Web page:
Warning to the Elderly: Don’t Take Psychoactive Medications and Drive

There have been a lot of researches that show that older drivers have the second highest risk for motor vehicle collisions of any age group, after adolescents. According to the U.S. Department of Transportation, older adults are nine times more likely to be involved in fatal car accidents than drivers aged 25 to 69. In 2000, older adults made up 9% of the resident population, but accounted for 13% of all traffic fatalities and 17% of all pedestrian fatalities. Accidents involving older drivers can cause injury to both the older driver and other drivers and pedestrians.

Generally. most senior drivers are good, safe drivers. They know their limitations and do their best to follow the rules of the road. But even the best and the safest drivers can have accidents when there are factors that impair their judgment or senses. Impaired vision, poor hearing and flexibility, limited range of motion, reduced reaction time, and medications are some of the factors which can lead to fatal car accidents.

Many elderly drivers take several medications to treat certain medical conditions, including those that are specifically for psychiatric care. Those medications may interact with each other causing drowsiness or confusion. There are a lot of older people, especially those who live alone, who use psychoactive medications with or without the doctor’s prescription. Psychoactive medications may place older drivers at increased risk for potentially fatal vehicular accidents.

Psychoactive medications are drugs that, when prescribed and used prudently, can reduce or eliminate the suffering caused by psychological conditions such as anxiety, insomnia, depression, psychosis, and bipolar affective disorder.

A research was conducted on a population-based matched case-control study of older drivers who were involved in injurious crashes from 1987 to 1988. The 234 cases and 447 controls were members of a large Seattle-based health maintenance organization. Use of antidepressants medications and opioid analgesics by older drivers was associated with increased risk for injurious motor vehicle collisions. Compared with non-users, current users of cyclic antidepressants had a 2.3% higher chances of encountering an accident, or what is termed as adjusted relative risk (RR). Opioid analgesic use was also associated with an elevated crash risk. No evidence was found of a dose-related effect with either class of the drug. Current use of benzodiazepines or sedating antihistamines had little association with increased risk for injurious collisions.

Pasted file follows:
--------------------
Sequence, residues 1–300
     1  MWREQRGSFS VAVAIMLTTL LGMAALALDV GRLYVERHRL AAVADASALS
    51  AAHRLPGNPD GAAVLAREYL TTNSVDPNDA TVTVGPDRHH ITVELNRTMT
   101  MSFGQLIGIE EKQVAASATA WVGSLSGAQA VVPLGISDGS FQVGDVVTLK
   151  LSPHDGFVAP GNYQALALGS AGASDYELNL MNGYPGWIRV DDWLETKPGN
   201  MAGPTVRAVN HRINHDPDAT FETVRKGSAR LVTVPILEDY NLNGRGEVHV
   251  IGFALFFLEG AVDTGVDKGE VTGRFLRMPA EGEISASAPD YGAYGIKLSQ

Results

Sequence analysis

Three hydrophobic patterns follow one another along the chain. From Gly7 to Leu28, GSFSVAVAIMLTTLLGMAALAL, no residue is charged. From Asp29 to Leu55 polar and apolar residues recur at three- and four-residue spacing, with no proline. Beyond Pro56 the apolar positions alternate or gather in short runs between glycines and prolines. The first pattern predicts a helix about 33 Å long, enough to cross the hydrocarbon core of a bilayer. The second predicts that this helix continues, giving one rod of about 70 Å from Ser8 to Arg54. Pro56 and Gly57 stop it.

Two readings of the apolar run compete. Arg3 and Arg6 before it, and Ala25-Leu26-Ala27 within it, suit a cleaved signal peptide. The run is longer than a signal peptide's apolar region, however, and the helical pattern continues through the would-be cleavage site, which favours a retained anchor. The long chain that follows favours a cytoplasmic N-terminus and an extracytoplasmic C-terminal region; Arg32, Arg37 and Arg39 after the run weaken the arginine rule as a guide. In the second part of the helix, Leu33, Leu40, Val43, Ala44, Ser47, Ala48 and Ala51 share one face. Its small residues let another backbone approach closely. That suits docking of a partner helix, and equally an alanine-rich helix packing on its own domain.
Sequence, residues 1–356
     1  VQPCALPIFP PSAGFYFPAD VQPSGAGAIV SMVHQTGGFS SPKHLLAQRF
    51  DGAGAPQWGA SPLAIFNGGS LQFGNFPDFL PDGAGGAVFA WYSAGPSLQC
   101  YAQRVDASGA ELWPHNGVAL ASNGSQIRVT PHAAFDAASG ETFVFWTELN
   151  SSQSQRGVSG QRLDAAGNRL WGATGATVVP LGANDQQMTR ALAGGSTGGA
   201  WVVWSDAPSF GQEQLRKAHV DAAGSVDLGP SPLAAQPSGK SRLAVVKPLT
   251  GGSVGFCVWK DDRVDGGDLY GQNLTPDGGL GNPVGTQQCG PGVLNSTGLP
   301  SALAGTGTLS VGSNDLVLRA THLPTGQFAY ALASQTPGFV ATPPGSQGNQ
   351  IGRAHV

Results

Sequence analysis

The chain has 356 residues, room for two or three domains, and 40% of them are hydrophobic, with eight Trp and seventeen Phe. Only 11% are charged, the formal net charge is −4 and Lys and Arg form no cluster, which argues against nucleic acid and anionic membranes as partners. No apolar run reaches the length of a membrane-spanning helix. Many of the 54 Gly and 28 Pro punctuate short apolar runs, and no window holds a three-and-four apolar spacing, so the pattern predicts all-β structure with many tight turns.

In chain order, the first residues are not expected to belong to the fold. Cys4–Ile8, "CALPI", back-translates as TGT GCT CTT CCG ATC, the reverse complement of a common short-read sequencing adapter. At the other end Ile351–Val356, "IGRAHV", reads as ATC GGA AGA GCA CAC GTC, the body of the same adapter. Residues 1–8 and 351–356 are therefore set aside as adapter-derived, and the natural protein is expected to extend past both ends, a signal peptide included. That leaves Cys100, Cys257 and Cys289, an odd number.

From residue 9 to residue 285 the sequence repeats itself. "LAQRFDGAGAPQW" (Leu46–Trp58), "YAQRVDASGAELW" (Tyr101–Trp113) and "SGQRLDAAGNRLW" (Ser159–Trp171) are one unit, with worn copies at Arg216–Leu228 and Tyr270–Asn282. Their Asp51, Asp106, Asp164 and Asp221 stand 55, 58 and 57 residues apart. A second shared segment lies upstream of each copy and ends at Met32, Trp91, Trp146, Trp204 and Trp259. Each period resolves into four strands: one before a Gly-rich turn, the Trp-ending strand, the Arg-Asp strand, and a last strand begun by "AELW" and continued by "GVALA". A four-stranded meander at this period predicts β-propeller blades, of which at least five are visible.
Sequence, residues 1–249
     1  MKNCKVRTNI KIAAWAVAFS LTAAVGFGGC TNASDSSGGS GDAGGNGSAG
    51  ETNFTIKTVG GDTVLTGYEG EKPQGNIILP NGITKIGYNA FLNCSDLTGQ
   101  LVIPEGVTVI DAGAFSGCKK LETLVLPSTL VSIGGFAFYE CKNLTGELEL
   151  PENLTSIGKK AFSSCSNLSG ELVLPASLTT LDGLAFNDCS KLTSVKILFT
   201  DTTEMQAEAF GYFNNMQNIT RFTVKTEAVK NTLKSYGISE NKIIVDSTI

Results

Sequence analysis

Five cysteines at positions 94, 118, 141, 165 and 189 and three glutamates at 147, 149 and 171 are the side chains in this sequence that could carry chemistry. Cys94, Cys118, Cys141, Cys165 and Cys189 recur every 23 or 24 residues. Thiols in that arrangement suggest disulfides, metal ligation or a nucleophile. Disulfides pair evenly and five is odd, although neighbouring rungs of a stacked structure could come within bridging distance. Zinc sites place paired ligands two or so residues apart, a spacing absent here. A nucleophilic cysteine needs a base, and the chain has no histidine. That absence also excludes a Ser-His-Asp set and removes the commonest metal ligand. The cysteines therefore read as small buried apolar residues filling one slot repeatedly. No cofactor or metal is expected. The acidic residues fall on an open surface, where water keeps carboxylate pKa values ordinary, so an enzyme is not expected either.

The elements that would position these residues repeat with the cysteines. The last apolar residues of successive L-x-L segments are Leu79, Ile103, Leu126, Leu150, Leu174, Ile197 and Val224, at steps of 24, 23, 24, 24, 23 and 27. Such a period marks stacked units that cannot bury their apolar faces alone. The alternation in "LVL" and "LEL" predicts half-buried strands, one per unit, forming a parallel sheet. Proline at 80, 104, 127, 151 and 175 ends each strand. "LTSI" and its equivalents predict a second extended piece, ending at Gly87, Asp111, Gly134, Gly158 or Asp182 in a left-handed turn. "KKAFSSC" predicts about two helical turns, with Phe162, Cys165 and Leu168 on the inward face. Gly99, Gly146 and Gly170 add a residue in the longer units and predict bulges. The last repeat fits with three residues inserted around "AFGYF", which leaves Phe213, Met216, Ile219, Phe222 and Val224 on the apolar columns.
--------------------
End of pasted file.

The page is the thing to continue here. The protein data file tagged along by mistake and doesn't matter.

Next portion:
Moreover, benzodiazepines are among the psychoactive medications that are widely prescribed for people over the age of 65 years. Their use has been associated with a number of adverse outcomes including cognitive impairment, an increased risk of falls and hip fractures, especially in people with coexisting medical illness, and car accidents.

The risks are greater with long-acting agents and during the first few weeks after drug initiation. In spite of the risks, there is evidence that benzodiazepines may be overprescribed to elderly people. Among the problems identified are the overprescription of long-acting benzodiazepines, high rates of benzodiazepine use in combination with other psychoactive drugs and the prescribing of benzodiazepines for long-term use.

While the automobile is a powerful tool for independence and mobility, it is also potentially dangerous. As we grow old, our ability to drive safely may be limited by many factors. It’s important to recognize these risk factors and minimize them if possible before car accident occurs. More importantly, all drivers should be aware of safe driving habits, regardless of age.

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